For my thoughts on all this, see the links below.
Help with U.S. dollar sag, Flaherty tells China
October 20, 2007 at 1:12 AM EDT
WASHINGTON — Canada has shouldered more than its fair share of currency appreciation, says Finance Minister Jim Flaherty, and it's up to China to do something about it.
As the Canadian dollar closed well above $1.03, Mr. Flaherty said the currency “has borne the brunt of the U.S. dollar adjustment.”
Officials explained that about one-third of the depreciation of the U.S. currency against a basket of currencies has been absorbed by the Canadian dollar, every year since 2002 – although the figure is likely higher this year.
“A third of the burden has been borne by Canada, and we're only 33 million people in Canada. About a third by Europe,” Mr. Flaherty said after meeting with his counterparts at the bi-annual Group of Seven meeting.
In the past, the Bank of Canada has studiously avoided talk of burden-sharing of currency movements, since it has argued that much of the Canadian dollar's appreciation since 2002 has been warranted by higher commodity prices and strong economic fundamentals.
But Friday, Canada appeared to join Europe in claiming that the appreciation of their currencies was unfair. The euro also traded at an all-time high against the U.S. dollar Friday.
The G7 resisted calls from Europe to bolster the U.S. dollar, and instead wagged their fingers harder than ever at China's exchange-rate regime. They used their toughest language to date in their campaign to persuade China to allow its currency to appreciate.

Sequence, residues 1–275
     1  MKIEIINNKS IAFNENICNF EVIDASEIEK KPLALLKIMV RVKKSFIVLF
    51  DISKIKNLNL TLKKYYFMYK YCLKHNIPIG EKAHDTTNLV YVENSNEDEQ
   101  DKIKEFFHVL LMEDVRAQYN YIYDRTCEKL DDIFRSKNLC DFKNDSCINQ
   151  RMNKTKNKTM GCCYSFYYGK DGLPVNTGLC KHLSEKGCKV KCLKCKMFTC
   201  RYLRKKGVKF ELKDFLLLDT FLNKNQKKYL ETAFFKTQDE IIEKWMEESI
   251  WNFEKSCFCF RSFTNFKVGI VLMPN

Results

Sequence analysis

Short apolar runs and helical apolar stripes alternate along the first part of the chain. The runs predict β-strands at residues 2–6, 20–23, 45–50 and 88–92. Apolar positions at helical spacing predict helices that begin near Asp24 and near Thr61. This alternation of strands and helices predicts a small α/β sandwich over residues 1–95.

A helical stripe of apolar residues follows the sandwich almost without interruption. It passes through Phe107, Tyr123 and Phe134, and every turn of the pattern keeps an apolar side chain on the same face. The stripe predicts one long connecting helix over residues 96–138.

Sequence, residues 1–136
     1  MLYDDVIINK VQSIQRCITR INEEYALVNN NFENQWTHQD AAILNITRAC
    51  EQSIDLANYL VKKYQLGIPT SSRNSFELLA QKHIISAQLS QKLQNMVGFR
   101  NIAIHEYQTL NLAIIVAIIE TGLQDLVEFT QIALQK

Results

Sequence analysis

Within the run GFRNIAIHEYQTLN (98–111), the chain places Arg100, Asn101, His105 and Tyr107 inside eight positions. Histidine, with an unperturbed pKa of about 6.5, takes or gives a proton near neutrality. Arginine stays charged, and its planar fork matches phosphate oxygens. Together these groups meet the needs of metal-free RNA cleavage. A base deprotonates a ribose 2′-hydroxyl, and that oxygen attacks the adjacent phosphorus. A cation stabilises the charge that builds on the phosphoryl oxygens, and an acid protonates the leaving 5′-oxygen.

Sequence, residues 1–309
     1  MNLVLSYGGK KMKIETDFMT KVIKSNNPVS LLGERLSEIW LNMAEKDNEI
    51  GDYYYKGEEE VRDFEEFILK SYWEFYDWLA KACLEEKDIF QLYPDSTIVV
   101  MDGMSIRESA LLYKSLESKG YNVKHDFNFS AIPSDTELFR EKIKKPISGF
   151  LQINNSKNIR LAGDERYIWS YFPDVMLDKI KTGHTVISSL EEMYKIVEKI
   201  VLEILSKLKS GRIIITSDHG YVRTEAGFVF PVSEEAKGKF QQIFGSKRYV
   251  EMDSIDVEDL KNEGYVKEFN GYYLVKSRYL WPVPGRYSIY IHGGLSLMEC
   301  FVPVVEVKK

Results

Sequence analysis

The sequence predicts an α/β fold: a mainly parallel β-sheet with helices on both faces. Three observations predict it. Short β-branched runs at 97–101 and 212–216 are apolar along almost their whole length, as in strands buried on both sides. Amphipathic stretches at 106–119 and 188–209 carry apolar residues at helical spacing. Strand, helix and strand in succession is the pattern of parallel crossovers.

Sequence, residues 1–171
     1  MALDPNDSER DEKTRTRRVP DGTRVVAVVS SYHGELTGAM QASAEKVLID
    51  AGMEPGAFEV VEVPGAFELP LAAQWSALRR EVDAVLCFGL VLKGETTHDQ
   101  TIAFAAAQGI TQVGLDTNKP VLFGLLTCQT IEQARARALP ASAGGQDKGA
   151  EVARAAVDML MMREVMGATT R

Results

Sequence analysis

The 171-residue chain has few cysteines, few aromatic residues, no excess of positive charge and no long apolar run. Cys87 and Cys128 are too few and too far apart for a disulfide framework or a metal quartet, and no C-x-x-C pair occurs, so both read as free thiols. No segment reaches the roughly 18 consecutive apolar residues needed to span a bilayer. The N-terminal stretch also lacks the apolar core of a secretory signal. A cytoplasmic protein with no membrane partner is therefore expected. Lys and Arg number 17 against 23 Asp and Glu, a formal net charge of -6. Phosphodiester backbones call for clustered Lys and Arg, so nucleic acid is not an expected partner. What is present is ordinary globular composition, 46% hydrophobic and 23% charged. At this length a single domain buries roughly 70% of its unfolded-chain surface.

But the G7 communiqué did not mention the U.S. dollar, the euro or the yuan at all. Markets sent the U.S. dollar lower, interpreting the G7 statement to mean that the only currency solution the seven countries could agree on was that China needs to be more flexible. China was not included in the meeting.
“We welcome China's decision to increase the flexibility of its currency, in view of its rising current-account surplus and domestic inflation, we stress its need to allow an accelerated appreciation of its effective exchange rate,” the G7 officials said in their final communiqué, meant to set the tone of meetings among international finance officials all weekend in Washington.
China has allowed its currency to appreciate incrementally against the U.S. dollar, but has resisted repeated demands for larger moves, with an eye to fallout within its own economy.
Bank of Canada Governor David Dodge acknowledged that China would not react immediately to the G7 plea, but he held out hope for the future.
“We know that this has to be part of the global adjustment,” he said.
The G7 finance ministers and bank governors also warned that the global economy will slow somewhat, after five years of robust growth.
And they congratulated themselves for handling the global credit crunch well, and said focus on central bankers must now turn to controlling inflation.
Market players involved in the financial turmoil, however, now need to shape up and figure out how not to let such problems boil over again, the ministers said.
“We expect markets to learn lessons and address many of the shortcomings that have been exposed by recent events,” Mr. Flaherty said.
“Our securities regulators should also be engaged on financial markets issues.”
Developing countries, however, blamed lax practices in rich countries. In a communiqué of their own, they noted that so far, the credit crunch has not caused much harm in developing countries.
But they warned that unless rich countries improve their oversight of risky market practices, the market turbulence could destabilize their economies as well.
“Ministers underlined that active policy co-ordination is critical to prevent the emergence of a larger crisis,” the Group of 24 developing countries said in a statement Friday.
* The Unsustainable World Economy
* A Big Mess is Brewing